LB Commission Recommends Slip Fee Increases

Byline: Ambrosia Brody

LB Commission Recommends Slip Fee Increases

LONG BEACH — Boat slip tenants in Long Beach marinas may get a rent hike, if the Long Beach City Council approves a Marine Advisory Commission recommendation to raise slip fees by .5 percent for boaters using older wooden docks and by 2.224 percent for boaters using concrete docks. The 2.224 percent increase corresponds to the Consumer Price Index (CPI).

Commissioners voted several times on five options provided by Marine Bureau manager Mark Sandoval during a May 9 meeting. The advisory group pondered how to ensure that the marina maintains adequate funding for future upgrades while not imposing too big of an increase on local boaters.

The commission directed Sandoval to provide four additional options at last month’s meeting, when he had proposed a 2 percent increase (99.2 cents per square foot) across the board.

“The objective for next year would be to have enough money for Basin 5 to rebuild Alamitos Bay Marina, to ensure the marina fund balance remains over $2 million, and to ensure our slip fee strategy supports a future bond issue or alternative,” Sandoval said.

The marina enterprise covers operating costs, debt services and the marina rebuild. Sandoval provided commissioners with a market rate comparison that showed Long Beach’s slip fees would remain below average, even if the proposed slip increases were implemented.

Sandoval laid out five options at the May 9 meeting — a 2 percent increase; a 0 percent increase; a 1.5 percent increase; a 2 percent increase for rebuilt boat slips, but no increase for wooden dock boat slips; and a 0 percent increase for wooden boat slips and a 2.9 percent increase for rebuilt boat slips — that would bring the surplus to $2.6 million.

“If we raise the slip fee too much, even though we have the best rates around, we do risk people leaving the docks,” said Commissioner Darlene Gidley. “Don’t cover all the $2 million by slip fee increases.”

The “positives” for implementing a 2 percent fee increase for all slip renters is the fund balance would have more than $2 million, slip increases would still be less than CPI, and it would demonstrate to financial institutions that the marina enterprise is in a position to have nominal fee increases on an annual basis, Sandoval explained.

However, he said, there were also several “negatives.”

“Any fee increase, at this point in time, on the customers of wooden docks would probably be met with a lot of resistance, because we haven’t rebuilt the docks,” Sandoval said. “And they would look around and see other customers on concrete docks paying the same (rate) for their slips.”

The new concrete slips are installed at Rainbow Marina, Shoreline Marina and Basins 1, 4, 5 and 8. The wooden slips are in Basins 2, 3, 6 and 7.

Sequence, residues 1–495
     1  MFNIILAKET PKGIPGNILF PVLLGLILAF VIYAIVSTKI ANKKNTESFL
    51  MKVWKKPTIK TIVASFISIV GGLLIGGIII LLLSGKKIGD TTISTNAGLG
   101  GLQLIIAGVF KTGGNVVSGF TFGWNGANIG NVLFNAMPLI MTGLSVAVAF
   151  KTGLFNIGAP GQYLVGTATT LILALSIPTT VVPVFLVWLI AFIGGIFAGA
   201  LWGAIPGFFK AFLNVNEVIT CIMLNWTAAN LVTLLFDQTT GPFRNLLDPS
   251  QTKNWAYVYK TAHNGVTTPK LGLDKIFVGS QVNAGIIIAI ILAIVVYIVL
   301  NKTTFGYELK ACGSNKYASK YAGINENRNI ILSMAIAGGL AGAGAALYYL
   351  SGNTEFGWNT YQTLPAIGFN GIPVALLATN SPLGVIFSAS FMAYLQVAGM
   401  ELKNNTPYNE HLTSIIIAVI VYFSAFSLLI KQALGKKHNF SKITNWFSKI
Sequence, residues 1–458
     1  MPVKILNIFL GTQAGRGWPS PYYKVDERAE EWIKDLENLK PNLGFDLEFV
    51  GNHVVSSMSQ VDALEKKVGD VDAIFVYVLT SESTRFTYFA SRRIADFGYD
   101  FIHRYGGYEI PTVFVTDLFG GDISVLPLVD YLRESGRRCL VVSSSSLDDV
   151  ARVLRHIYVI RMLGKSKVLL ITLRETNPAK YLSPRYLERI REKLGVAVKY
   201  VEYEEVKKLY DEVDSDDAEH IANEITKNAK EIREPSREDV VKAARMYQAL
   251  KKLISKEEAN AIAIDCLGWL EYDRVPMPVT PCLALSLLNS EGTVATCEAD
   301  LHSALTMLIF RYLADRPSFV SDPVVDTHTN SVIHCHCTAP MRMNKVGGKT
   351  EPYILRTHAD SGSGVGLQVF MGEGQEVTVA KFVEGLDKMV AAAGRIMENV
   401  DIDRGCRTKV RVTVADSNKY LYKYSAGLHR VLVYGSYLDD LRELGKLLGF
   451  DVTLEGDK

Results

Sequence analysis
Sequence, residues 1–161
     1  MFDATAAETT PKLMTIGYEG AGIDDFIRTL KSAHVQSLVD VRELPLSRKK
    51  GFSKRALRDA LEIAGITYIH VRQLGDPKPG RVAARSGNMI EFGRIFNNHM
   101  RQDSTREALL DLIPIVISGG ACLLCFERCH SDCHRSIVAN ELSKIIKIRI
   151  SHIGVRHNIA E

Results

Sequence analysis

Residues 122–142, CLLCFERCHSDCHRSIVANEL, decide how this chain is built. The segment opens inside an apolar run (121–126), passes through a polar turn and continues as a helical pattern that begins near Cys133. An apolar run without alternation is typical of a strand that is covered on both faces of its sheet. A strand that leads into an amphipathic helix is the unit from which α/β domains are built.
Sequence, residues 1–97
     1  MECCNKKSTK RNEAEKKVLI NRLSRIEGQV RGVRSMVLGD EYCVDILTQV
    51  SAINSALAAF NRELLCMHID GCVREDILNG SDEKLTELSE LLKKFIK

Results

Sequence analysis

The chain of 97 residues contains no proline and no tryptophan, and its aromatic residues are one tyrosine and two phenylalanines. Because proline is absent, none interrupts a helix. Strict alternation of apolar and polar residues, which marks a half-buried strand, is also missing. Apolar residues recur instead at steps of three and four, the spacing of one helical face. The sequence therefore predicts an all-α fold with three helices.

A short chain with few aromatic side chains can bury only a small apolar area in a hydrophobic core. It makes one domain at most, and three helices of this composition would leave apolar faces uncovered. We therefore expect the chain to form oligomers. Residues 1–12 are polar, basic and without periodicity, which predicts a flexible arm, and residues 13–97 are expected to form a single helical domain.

Marina Advisory Commissioner Eric Peterson recommended voting on Option 2: no increases across the board.

“The city did not put money aside, (even) knowing that wood docks do not have a finite life,” Peterson said. “So, people are concerned that the city didn’t put money in the bank account to update the marina at a later date, and now it is resting on the shoulders of the slip renters. I think that it is unfair and unreasonable to expect that.”

Sandoval explained that imposing no slip fee increases would mean the marina enterprise would be unable to generate the needed $2 million floor — and that could have an adverse effect on a potential bond issue to complete the marina rebuild.             The motion for no fee increases failed.

Commissioners also voted on Option 5 — to hold the slip fee increase for older wooden slips and increase the slip fees for concrete docks by 2.9 percent — a level that would bring the fund to more than $2 million.

“I wanted to encourage the commission to accept Option 5,” said Bob Hubbard, a marina tenant in Basin 2. “I wouldn’t be opposed to a slip increase on a two-tiered system. It is only fair, given that who knows when Basins 2 or 3 will actually be rebuilt, given the financial restraints.”

However, Sandoval estimated that plans to rebuild would be brought to the city council in a year.

The motion for Option 5 failed.

Commissioners threw out two more options before approving Option 8: a plan to charge concrete dock users a CPI rate (increasing fees by 2.224 percent) and imposing a .5 percent increase for wooden dock tenants.

“A deferential increase would generally be accepted,” said Commissioner Ted Kuhn.

Sandoval will present the commission’s recommendation at a future city council meeting. If approved, the increases would be implemented in October 2014.

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